The findings from this project generally support Huff et al. (2010) and these two projects have shown that great genetic diversity existed in the past (> 30,000 years ago).  It is very interesting that there were many species or subspecies of Home may have co-existed in some parts of the world.  Around time the Denisova individual lived, there is also possible existence of Neanderthal and anatomically modern human in the area (Don’t forget H. erectus existed in East Asia about same time).  However, only anatomically modern human survived and others disappeared without leaving clear genetic evidence of ancient admixture.

Update (April 1, 2010)

I forgot about H. ergaster and that is another possibility in addition to H. heidelbergensis.  If we believe that Asian H. erectus was a different species from African H. ergaster who were direct ancestors of H. heidelbergenesis, H. neanderthalensis, and H. sapiens, the Denisova individual could be a descendant of H. ergaster who took very different evolutionary path from Neanderthals and Anatomically modern human.  The 95% C.I. of TMRCA (1.-0.7) also slightly overlap with the time H. ergaster existed in East Africa (1.8-1.3 mya).  If we believe this scenario, first there was an out of Africa event of H. erectus into Asia and then another out of Africa event of H. ergaster into Western Eurasia.  However, TMRCA is too young for Asian H. erectus and all others to share the common ancestor that recent, so mtDNA of the Denisova individual is not that of H. erectus.  Of course, we are talking about only maternal side of evolutionary history.

Updata (April 3, 2010)

I considered the possibility of an unsampled Neanderthal, but I thought that the TMRCA is too old, considering that Neanderthals analyzed so far is genetically not diverse and effects of drift affecting mtDNA is strong because of small effective population size of mtDNA.  If, in fact, the Denisova individual was a Neanderthal, Neanderthal was genetically much more diverse than many genetic researchers thought and phylogenetic tree suggests that Neanderthals were ancestors of modern human.   Judging from the genetic evidence we have, this is unlikely scenario.  Of course, we should not conclude that the Denisova individual was not Neanderthals, because we do not know enough about this individual or human evolution.

Mobile elements reveal small population size in the ancient ancestors of Homo sapiens

Huff, C. D., J. Xing, et al. (2010). “Mobile elements reveal small population size in the ancient ancestors of Homo sapiens.” Proceedings of the National Academy of Sciences 107(5): 2147-2152

Huff et al. (2010) analyzed genome variation of two samples, focusing on the SNPs around the mobile element insertion areas.  The theory behind this project is that mobile element insertions (Alu and LINE1) are much rarer, so they have deep genealogies (ancient coalescent time).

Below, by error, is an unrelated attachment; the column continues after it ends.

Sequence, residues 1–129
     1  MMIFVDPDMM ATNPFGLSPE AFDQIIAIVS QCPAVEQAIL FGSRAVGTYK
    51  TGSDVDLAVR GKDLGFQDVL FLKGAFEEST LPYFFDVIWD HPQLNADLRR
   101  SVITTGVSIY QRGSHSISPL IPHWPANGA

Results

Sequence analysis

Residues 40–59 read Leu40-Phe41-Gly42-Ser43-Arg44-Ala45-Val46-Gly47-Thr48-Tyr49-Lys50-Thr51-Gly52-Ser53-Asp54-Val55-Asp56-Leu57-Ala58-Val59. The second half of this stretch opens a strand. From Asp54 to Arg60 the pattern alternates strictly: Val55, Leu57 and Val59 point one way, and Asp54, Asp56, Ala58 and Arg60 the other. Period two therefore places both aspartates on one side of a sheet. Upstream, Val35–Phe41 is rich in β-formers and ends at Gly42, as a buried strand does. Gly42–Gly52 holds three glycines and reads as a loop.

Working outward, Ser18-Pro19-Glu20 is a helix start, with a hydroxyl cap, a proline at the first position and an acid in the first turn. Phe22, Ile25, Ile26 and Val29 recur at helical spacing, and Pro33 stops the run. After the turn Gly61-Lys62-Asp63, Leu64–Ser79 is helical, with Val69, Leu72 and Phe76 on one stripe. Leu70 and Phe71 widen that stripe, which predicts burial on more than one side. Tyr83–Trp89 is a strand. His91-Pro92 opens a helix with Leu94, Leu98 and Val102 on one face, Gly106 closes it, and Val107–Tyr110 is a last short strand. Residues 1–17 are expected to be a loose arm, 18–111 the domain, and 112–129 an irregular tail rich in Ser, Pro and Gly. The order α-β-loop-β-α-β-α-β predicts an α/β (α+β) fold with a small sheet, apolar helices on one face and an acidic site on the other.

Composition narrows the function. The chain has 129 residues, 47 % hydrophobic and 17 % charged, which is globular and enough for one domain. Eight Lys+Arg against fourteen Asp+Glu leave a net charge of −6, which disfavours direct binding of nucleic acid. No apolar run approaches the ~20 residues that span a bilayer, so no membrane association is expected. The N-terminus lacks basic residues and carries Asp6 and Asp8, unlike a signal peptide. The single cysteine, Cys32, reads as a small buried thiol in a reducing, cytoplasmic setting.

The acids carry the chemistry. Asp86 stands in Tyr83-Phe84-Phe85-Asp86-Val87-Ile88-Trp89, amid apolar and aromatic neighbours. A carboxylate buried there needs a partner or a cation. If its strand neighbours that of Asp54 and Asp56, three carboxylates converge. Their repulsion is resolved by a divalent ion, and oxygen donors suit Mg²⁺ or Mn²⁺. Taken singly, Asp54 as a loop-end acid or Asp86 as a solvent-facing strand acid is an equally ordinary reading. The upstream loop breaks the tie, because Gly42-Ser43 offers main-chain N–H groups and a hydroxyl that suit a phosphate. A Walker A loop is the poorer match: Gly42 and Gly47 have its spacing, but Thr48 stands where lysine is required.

Their research basically supports this theoretical point.  First, TMRCA estimated based on 9,609 SNPs in the 10 kb around insertion was 462 k years old, which is older than the TMRCA estimated from other genomic regions.  Second, more interestingly, they estimated significantly larger ancient effective population size than modern effective population size.  They used a coalescent-Maximum likelihood based method to estimate three demographic parameters.

Modern effective population = 8,500

Ancient effective population = 18,500 (C.I. 14,500-26,000)

Time of population size change = 1.2 M years

This means that effective population size before 1.2 M years ago was 18,500.  The small effective population size of modern human support many previous genetic studies, but it is interesting to see that modern human have genetic evidence that suggests that ancestors of modern human, such as Homo erectus, had much larger effective population size and they were much more genetically diverse than anatomically modern human.  Since effective population size of modern humans is much smaller than Chimpanzee, it has been suggested that our ancestors experienced series of bottleneck, but this research data show the significant reduction in the population size occurred after 1.2 M years ago.  Jorde actually said in the NIH Genome Center Lecture series that our ancestors almost became extinct.

Principal Component Analysis (PCA), Part 2: Do principal component analyses reveal human migration events?

Novembre, J. and M. Stephens (2008). “Interpreting principal component analyses of spatial population genetic variation.” Nat Genet 40(5): 646-649.

 Reich, D., A. L. Price, et al. (2008). “Principal component analysis of genetic data.” Nat Genet 40(5): 491-492.

 Principal component analysis (PCA) using such programs as EIGENSTRAT program developed by Price et al. (2006) is often employed for reconstruction of human migration events.  However, many researchers warned against simplistic interpretation of PCA.

Although PCA is useful for detecting population structure and controlling for population structure in association studies, Novembre and Stephens (2008) argues that gradient and wave patterns that Cavalli-Sforza and his colleagues observed on their PC maps can be created by mathematical artifacts.  Cavalli-Sforza and his colleagues created PC maps using principal component values and they hypothesized that gradient and wave pattern in Europe was created by the Neolithic demic expansion.  Based on computer simulations, Novembre and Stephens argue that in addition to population structure, geographical distribution of samples and amounts data affect PC map and isolation-by-distance model as well as ancient migration events produce similar PC maps.